Solo #2 was all shifts and changes - in direction, in facing, in dynamics - while solo #4 felt more about actions - mixing, morphing and melting. In this final excerpt, Paufve would create a particular shape, position or gesture. As it dissolved, the next posture was being simultaneously created. It was like watching a human kaleidoscope. And solo #3 was such a standout. Donning bright orange spandex, a sequined choker and a blonde wig that was part The Wrath of Khan, part Labyrinth, Paufve commanded the space with catwalk struts, jazz isolations, exaggerated pony pas de boureés, even some aerobics-inspired moves. It was humorous to be sure, but didn’t feel like farce or a send up. Rather, the dance read more like a nostalgic remembrance, a doorway (or threshold) to the past.
Nina Haft prefaced her company’s excerpted duet, Crows, by talking about nature, about spending time observing natural species and beings, including humans. She also spoke about different phenomena, including the choices we make throughout our journeys to either opt in or opt out. Part of a larger work currently titled Precarious Pod, Crows started in silence. Jennifer Twilley Jerum and Jesse Wiener began cycling through legato full-bodied phrase material, first expressed as floorwork. Immediately, I was pulled to how the dancers were moving their heads. Like birds, there were slight twitches in the head’s angle and attitude, the chin jutting out from the neck. At times, I could even see the eyes jumping from one position to another, like their gaze was being pulled by an outside stimulus. But more than just these subtle motions and adjustments, the head was leading the overall movement. Leading the body as it crawled and rolled forward in space, leading the back and spine as it spiraled. Determining which direction to travel. This brought me back to the idea of the opting in and opting out. Yes Crows’ choreographic use of the head felt very avian, but perhaps Haft was also making a broader comment. Our head/brain is often the primary actor or sole decision maker when it comes to opting in or opting out. What would happen if we adopted a more holistic approach?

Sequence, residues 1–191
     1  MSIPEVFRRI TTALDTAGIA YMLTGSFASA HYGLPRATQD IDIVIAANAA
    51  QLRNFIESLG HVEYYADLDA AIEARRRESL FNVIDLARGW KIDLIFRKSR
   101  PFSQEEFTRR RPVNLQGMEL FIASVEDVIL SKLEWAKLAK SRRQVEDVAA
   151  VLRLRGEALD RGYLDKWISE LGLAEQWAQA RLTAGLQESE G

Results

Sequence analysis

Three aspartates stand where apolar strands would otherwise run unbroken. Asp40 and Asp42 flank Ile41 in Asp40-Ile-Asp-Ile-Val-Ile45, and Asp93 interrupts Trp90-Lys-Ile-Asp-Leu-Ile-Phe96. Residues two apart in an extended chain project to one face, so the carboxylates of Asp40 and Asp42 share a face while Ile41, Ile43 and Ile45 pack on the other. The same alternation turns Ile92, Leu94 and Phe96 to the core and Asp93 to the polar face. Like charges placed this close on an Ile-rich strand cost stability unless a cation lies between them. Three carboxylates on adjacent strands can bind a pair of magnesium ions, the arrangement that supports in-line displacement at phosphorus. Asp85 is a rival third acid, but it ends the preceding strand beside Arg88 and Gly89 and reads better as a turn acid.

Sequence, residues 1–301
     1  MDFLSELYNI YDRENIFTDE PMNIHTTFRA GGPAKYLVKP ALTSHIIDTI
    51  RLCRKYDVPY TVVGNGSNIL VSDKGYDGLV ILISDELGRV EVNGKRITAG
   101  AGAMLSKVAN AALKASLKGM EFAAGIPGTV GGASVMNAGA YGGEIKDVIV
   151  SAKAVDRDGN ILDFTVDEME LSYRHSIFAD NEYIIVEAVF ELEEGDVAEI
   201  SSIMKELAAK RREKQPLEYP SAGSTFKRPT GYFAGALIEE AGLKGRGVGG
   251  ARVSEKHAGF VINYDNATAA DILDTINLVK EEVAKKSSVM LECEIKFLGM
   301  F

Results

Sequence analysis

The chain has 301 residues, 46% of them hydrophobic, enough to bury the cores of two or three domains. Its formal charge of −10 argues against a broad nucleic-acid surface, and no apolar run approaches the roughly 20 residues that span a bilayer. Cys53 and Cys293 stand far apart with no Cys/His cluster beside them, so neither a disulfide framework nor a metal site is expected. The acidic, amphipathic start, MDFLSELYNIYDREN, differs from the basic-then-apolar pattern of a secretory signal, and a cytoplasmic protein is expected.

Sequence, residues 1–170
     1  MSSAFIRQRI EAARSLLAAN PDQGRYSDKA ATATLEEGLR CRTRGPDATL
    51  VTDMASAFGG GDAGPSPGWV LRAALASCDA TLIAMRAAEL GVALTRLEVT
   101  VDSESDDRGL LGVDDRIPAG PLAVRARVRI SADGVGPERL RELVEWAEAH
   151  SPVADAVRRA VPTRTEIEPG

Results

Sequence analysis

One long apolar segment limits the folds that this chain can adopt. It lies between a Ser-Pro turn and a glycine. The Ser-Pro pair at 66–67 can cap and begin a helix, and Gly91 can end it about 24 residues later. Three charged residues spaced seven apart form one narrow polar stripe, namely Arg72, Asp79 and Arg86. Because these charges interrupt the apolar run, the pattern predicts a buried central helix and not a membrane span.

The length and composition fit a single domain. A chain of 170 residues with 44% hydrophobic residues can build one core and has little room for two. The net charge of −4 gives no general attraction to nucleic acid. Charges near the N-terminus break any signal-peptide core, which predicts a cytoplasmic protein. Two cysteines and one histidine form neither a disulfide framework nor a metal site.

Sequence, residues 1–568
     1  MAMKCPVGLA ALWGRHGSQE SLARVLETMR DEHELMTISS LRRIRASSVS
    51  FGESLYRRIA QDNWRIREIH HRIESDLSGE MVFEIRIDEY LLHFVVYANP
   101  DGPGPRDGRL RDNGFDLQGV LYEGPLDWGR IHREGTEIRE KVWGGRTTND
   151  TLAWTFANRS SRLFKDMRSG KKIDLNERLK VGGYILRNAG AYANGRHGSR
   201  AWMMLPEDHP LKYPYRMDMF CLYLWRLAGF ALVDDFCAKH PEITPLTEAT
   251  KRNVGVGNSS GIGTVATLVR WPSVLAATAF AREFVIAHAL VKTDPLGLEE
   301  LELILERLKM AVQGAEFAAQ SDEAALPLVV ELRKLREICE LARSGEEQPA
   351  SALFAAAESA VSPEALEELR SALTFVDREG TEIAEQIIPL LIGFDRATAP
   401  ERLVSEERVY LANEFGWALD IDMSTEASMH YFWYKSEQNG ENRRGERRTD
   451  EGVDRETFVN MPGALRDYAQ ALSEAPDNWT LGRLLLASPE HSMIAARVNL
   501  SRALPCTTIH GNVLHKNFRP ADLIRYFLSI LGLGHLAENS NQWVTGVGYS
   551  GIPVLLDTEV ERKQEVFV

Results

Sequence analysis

Jessi Barber and Julie Crothers took the space to introduce TESTMASH, their new dance lab experiment. They described conversations about choreographic editing and their curiosity with this complex part of composition. How could editing be tackled differently? What new parameters might be introduced into the equation? TESTMASH is the result of these questions, a devised system of creative accumulation and imposed time limits. The press materials described it best,